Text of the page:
At this month’s Oita Evil Spirts Konkon convention, I got a chance to play in a session of Double Cross 3 (DX3), which is the Japanese RPG I’ve been putting up information about here. This was my first (and only?!) chance to play this game, and so even though I was sorely tempted to join in a Japanese Old School D&D session, I took it. This proved to be a good plan, since it was in the DX 3 adventure where all the sandboxing was happening.
A few outline notes
We completed character creation and a full adventure in the single session, which lasted from 10:30 to 18:30. The game we played used Rule Book 1 (which I have), Rule Book 2 (which I don’t) and some additional information from the Advanced Rules in combination with a module book called “Public Enemies,” which is based on a mechanism the DX3 company, FEAR, appear to have pioneered, called Scenario Craft. There were 4 players – 2 women and 2 men – and the GM. We were playing characters with a little bit of experience, so we didn’t start entirely fresh-faced; but three of the players were beginners, and one very experienced. I will talk about Scenario Craft separately, but essentially it’s a way of introducing as much randomness as possible to the strict structure of a module format. We rolled up every aspect of this game except our characters (though we rolled up a lot of them too!)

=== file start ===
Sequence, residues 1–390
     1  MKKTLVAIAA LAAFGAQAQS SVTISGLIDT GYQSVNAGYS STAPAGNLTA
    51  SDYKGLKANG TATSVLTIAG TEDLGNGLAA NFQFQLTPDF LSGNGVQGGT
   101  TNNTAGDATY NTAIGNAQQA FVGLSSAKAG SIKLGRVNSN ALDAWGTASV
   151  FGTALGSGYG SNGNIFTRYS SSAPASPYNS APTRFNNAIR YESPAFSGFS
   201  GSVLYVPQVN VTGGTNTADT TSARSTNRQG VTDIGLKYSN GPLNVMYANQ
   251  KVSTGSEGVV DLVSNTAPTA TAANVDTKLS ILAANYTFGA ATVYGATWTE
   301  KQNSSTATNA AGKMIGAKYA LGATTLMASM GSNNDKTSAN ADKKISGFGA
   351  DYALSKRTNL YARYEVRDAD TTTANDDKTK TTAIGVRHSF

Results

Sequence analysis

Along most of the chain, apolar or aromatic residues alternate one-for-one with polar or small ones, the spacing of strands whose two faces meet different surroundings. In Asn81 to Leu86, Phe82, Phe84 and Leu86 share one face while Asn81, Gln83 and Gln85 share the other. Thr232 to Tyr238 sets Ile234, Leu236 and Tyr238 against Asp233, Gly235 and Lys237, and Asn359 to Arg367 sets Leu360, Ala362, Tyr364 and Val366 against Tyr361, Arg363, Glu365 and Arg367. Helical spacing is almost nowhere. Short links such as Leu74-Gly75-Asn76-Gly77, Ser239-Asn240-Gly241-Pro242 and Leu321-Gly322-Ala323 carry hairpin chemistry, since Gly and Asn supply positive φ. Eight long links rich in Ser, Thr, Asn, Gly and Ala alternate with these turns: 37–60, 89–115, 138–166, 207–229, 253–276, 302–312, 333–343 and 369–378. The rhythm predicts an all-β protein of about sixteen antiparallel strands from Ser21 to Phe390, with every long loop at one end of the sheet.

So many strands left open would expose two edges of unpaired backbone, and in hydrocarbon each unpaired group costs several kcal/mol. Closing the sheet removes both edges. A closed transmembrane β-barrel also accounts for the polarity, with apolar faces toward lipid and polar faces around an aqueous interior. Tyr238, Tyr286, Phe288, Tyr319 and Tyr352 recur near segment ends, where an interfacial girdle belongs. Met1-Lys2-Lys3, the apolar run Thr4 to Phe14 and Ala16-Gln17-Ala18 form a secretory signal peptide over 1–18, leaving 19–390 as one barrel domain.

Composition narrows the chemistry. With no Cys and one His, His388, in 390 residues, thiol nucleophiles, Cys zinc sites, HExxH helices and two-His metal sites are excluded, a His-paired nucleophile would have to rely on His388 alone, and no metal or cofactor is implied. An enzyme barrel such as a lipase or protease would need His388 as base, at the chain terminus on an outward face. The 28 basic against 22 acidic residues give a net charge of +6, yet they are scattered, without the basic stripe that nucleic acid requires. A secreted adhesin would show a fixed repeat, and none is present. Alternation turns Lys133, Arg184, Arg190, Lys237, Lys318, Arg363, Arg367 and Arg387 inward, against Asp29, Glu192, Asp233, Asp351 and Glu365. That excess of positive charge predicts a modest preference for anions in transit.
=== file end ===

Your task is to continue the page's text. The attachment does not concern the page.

The players and characters were:
- Handleless Mr. Mutabe, who played Rugaru, a High School student with the Chimaera power
- Ms. Furudera, with whom I’ve played a few times, who played Watermelon (that’s the codename), a High School student with the cross-breed Orcus/Salamandra powers
- Ms. Ryo, who played Doumeki Rin, a Housewife with combined powers of Orcus and Solaris
- Me, playing Kintaro “The Noble,” a Section Head in the UGN organisation whose cover is Robot Engineering (i.e., Mecha) and who is a purebreed Black Dog (electricity) user